Now that it’s teamed up with Novartis’ consumer health unit to form an industry-leading joint venture, GlaxoSmithKline’s ($GSK) OTC business is bigger than ever. But its payroll is about to get smaller, with 350 layoffs hitting the operation.
The Parsippany, NJ-based employees lost their jobs last month, according to a WARN notice filed this week. The cuts hit multiple areas, NJBIZ reports, affecting managers and employees in marketing and medical affairs, sales and operations, finance, information technology, consumer relations and regulatory affairs.
According to Glaxo, the “need to meet established financial and synergy targets and eliminate duplication is critical to the success of the joint venture” and necessitates the headcount reduction, the notice reads, as quoted by NJBIZ.
And for the British drugmaker, whose pharma unit is struggling as aging giant Advair declines at the hands of payers, the success of the joint venture is critical to the success of the company. After trading away its oncology assets to Novartis in March, GSK is relying on traditionally lower-margin OTC and vaccines sales, a move CEO Andrew Witty says will return it to growth if the volume is right.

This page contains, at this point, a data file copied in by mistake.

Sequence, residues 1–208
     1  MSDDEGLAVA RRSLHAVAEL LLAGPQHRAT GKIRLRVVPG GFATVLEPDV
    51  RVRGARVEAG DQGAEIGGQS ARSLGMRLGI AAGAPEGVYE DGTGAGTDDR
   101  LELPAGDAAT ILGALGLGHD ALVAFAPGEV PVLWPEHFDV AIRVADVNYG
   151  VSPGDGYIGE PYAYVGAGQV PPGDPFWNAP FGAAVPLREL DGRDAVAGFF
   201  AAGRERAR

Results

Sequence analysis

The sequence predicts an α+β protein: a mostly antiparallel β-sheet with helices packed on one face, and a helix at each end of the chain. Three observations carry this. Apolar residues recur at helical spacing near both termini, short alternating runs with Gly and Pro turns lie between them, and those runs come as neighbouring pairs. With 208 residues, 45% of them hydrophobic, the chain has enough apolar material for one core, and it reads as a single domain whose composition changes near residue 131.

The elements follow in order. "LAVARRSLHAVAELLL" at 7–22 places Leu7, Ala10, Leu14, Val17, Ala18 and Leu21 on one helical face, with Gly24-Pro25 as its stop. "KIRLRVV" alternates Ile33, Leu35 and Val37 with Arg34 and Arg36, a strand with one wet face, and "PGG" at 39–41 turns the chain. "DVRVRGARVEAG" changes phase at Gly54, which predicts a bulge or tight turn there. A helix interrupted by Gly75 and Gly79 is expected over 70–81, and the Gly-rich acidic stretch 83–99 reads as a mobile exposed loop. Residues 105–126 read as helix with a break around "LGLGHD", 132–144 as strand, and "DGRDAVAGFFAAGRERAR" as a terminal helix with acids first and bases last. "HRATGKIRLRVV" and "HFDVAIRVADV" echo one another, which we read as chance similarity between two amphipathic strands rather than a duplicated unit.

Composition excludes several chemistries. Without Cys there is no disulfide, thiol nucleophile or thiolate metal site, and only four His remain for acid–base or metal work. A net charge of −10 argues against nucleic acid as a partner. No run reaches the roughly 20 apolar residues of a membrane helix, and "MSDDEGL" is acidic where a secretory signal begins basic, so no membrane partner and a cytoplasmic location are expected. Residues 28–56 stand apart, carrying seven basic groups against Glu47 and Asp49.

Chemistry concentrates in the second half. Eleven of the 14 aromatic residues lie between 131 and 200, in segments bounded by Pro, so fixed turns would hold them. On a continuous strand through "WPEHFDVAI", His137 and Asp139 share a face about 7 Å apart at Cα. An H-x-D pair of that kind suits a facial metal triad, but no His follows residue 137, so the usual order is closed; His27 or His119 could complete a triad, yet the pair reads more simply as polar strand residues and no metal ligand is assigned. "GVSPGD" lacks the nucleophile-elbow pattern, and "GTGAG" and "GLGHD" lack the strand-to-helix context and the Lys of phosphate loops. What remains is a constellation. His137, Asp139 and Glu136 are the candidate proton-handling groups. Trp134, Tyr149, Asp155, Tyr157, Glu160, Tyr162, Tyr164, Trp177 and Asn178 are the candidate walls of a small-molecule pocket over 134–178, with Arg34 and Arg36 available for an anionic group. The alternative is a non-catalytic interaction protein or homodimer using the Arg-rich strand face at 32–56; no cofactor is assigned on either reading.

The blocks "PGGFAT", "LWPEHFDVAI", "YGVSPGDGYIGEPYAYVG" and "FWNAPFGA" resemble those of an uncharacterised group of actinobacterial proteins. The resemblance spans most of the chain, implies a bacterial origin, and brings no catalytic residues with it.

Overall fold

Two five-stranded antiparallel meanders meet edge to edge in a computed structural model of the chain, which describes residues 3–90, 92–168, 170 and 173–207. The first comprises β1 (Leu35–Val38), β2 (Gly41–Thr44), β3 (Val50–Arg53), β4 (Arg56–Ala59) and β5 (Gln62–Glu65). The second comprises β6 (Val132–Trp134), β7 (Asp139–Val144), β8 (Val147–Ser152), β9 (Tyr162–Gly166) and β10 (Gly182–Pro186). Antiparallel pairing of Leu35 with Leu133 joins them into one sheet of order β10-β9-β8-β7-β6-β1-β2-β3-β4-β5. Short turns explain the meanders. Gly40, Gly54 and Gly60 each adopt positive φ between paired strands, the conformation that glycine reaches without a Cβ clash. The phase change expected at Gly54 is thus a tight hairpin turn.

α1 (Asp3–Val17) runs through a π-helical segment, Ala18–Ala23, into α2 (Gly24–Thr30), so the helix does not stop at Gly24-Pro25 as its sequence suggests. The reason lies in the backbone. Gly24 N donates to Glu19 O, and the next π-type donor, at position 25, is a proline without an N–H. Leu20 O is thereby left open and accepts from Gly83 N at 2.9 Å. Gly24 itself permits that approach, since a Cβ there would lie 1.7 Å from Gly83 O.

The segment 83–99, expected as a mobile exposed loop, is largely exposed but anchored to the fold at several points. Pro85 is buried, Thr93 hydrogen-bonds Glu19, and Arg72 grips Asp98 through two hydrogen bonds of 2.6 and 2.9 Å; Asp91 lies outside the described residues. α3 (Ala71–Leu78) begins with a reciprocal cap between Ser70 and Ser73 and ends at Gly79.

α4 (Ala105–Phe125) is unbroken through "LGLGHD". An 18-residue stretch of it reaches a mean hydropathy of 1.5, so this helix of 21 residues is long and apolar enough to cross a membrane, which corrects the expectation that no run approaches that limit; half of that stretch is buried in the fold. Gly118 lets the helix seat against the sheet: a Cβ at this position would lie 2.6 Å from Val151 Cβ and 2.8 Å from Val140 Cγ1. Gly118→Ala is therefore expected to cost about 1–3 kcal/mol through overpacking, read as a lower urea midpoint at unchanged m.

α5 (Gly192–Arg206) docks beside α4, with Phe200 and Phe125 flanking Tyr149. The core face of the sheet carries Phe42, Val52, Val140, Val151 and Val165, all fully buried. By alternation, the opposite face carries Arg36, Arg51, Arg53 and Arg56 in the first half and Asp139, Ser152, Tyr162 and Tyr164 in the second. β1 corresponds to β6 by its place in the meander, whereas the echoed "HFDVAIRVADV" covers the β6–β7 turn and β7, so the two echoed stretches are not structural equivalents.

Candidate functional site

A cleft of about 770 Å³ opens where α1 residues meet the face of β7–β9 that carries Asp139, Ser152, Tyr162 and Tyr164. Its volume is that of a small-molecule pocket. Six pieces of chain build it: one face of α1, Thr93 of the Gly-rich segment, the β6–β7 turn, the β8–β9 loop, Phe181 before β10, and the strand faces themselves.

“We think we’re really aligned with where the river is flowing,” he told CNBC last month. “… We’re going to focus on that, get that volume out there at a fair price, get a good return on our R&D investment, but not be fixated on defending ever and ever higher prices in the developed world.”
That’ll involve consumer health sales growing at a compound annual rate in the mid-single digits between 2016 and 2020, he said–a goal that’s left some shareholders skeptical.
“Putting your faith in over-the-counter goods like toothpaste is a gamble,” one investor told the Financial Times last month.
And if they don’t? Witty himself could be following the departed OTC workers to the door sooner rather than later. “Mr. Witty is running out of time,” Liontrust Asset Management fund manager Stephen Bailey told Bloomberg in May. “He’s either got to deliver in the next 12 months or step aside.”
Meanwhile, the company has been slashing jobs in other areas. Last year GSK announced plans to whittle down its Research Triangle Park, NC-based operations by 900 jobs–a decision affecting chemists, engineers, biologists, clinical development scientists, statisticians and others. And in March, the pharma giant said it would ratchet up that total, shedding 180 sales, managerial, operations, marketing and support staff roles–both in the field and in-house.
By Carly Helfand